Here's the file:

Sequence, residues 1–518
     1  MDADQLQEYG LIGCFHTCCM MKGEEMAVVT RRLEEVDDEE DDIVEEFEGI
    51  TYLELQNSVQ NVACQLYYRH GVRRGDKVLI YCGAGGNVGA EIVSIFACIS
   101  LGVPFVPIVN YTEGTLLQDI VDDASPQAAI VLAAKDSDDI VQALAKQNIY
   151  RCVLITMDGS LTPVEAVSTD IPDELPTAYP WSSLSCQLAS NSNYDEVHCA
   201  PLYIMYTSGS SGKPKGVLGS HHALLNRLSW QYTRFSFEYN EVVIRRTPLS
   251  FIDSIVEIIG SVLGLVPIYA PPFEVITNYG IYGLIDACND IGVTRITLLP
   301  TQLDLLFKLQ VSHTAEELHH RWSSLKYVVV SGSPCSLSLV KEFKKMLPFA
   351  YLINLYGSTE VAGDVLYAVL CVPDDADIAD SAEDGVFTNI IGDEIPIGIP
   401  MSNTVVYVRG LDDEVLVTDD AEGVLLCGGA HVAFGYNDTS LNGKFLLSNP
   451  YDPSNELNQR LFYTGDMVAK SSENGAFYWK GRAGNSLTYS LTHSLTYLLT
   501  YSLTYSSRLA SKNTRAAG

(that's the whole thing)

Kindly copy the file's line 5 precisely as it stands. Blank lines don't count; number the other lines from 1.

   151  RCVLITMDGS LTPVEAVSTD IPDELPTAYP WSSLSCQLAS NSNYDEVHCA